Make the buckle on the other half of the pattern, and pin it next to the first. Start knotting this side of the pattern the same way you did on the left side.

Quick tension check! If you intially pinned the two buckles too far apart, or too close together, just shift one of them so both sides connect smoothly. A gap would cause the knots in the middle of the pattern to stretch and look loose, and if the buckles are too close together the knots will be fighting for room and make the centre look too tight, and make the pattern look uneven :-)

If you're happy with the position of your buckles, all you have to do now is connect the two sides. In this case all it takes is one little orange knot:

There, that's all there is to it :-)

Keep knotting, and when you're done, just finish off with two braids for each buckle for easier tying.

Done!

Pattern without a "chevron" beginning

If you want to make a bracelet with a straight beginning row, but the pattern does not start with a chevron, you might find the earlier parts of this tutorial a tad unhelpful.

If the pattern uses too many threads for one neat buckle, but cannot be halved and made with two buckles, the aforementioned approach might also be too simple.

To keep the beginning all nice and tidy, and to avoid threads reaching all over the place, we'll just stick with one buckle, and divide the threads into those that go on the "inside" part of the buckle, and those threads that will be on the "outside"

I'm making #42640, and I've already made the beginning on the left side. The six threads on the outside of the pattern will be on the outside of the buckle, and the middle ones will be on the inside.

Take the four A's, one B, and one C, and pull them to the side. Then we'll start with the inside part, and with the knot that is furthermost from the centre, which is a forward knot with C over B. Take B and pull it out of the bundle of threads, and wrap C from the back towards the front of the rest of the threads. Place those threads to the side -- this is basically how we'll be working in a horizontal line, by wrapping the working threads around those that will be used later. Then make a forward knot with C over B.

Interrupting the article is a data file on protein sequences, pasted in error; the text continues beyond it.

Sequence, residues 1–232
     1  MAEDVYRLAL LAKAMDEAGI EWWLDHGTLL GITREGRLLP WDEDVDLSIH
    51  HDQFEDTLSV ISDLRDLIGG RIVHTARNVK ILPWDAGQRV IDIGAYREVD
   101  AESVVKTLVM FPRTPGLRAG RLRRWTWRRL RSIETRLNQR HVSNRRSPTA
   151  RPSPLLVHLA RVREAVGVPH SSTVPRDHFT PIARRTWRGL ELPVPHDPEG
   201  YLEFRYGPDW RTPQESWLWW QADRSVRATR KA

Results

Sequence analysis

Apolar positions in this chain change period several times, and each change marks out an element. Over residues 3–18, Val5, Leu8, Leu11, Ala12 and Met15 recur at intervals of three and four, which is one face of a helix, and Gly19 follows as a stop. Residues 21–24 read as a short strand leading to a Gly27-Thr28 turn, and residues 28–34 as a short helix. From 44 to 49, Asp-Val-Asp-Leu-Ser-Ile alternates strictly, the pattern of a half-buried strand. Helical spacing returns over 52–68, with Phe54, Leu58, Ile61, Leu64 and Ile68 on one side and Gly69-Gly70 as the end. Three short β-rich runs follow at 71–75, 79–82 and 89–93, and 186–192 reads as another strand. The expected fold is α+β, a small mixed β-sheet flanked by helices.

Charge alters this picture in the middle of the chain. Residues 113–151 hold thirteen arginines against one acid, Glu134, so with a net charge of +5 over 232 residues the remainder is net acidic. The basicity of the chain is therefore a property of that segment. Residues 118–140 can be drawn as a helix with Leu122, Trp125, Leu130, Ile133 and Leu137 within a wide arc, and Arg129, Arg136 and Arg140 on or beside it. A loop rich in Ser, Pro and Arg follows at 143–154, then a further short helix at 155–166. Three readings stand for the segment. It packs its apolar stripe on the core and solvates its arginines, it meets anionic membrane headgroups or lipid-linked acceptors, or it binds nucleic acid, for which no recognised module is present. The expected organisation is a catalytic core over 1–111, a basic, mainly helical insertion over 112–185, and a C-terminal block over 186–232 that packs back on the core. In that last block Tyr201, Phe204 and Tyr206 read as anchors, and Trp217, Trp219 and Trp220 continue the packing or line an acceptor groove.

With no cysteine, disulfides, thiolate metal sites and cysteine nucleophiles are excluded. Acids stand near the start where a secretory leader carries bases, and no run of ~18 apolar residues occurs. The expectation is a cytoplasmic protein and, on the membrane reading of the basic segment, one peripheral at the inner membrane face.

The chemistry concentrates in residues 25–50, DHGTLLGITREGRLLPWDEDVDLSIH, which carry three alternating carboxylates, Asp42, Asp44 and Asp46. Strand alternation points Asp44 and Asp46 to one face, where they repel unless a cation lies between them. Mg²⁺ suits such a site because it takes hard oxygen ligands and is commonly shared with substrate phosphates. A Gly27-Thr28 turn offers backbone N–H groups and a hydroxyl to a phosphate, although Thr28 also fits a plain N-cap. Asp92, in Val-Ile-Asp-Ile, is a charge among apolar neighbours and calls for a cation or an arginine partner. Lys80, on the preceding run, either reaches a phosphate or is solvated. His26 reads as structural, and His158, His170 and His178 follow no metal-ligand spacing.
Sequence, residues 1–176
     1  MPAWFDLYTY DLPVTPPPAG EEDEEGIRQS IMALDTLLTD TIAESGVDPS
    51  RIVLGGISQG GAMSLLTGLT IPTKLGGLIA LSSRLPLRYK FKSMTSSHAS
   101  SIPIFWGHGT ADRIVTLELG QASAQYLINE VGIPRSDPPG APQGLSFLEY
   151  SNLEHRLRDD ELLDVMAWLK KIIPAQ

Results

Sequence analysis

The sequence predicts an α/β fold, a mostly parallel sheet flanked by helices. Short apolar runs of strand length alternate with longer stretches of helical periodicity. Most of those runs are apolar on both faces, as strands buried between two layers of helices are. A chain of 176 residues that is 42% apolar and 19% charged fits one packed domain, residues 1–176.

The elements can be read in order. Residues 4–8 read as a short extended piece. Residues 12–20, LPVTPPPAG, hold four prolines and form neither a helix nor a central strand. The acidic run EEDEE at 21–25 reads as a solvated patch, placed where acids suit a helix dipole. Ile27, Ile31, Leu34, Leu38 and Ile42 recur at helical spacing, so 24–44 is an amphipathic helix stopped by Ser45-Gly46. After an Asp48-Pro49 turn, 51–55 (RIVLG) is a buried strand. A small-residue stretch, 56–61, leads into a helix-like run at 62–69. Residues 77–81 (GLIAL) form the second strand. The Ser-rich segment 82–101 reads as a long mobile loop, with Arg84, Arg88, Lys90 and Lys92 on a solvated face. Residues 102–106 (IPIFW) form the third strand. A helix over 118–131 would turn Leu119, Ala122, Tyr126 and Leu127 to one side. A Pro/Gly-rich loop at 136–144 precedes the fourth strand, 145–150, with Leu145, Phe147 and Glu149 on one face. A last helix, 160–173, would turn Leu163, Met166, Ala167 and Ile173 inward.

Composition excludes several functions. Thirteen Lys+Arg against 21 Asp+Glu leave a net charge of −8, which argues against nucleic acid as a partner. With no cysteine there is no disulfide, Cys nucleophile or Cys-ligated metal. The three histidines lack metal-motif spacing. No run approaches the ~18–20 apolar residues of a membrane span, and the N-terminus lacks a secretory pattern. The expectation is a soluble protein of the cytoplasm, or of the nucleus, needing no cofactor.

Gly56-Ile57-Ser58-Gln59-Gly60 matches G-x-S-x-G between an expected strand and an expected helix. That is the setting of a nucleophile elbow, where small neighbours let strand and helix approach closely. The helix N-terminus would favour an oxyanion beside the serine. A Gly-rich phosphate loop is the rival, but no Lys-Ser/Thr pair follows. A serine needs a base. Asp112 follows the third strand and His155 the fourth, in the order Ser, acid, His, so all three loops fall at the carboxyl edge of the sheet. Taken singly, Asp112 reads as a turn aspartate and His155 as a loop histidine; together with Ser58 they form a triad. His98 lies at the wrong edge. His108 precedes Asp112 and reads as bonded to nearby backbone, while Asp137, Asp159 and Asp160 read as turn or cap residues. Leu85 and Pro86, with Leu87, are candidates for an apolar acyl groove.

The next one is a forward knot with E over D, and the same rules apply. Take out D, wrap E around all the threads you're not currently using, and make a knot. The next one is another forward knot with E over D, and a forward knot with both G's over the F's. I've pinned down the very centre to keep the row straight, but they will stay like this as soon as we join up the centre.

However, we'll finish the outside part first. For the forward knot with C over B we'll take B from the bundle, and pull the remaining A's to the right. Wrap C over those A's and knot over B. Because we're starting from the right, you'll be making a backward forward knot, so that the threads end up in the right position.

Take one of the A's from the bundle, place it aside, wrap another around the remaining two, and make a knot. Then make the final knot with A over A.

Join up the centre and you're done.

How to make a straight start for a candystripe pattern

Pattern:






1

Both sides have different colors, so some strings are not fold in half, but have one short and one long end.

2

Make larkshead knots around the strings, the single colors are also inside the knots.

3